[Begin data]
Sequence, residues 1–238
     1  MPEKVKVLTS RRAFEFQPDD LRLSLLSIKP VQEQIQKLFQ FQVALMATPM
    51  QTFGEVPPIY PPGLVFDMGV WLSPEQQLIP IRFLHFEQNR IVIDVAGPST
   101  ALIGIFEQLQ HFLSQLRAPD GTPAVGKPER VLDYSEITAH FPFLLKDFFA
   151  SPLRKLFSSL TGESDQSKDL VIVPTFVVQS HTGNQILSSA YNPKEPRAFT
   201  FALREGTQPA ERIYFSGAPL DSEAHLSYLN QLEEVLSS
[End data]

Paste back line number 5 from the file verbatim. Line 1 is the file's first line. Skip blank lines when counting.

   151  SPLRKLFSSL TGESDQSKDL VIVPTFVVQS HTGNQILSSA YNPKEPRAFT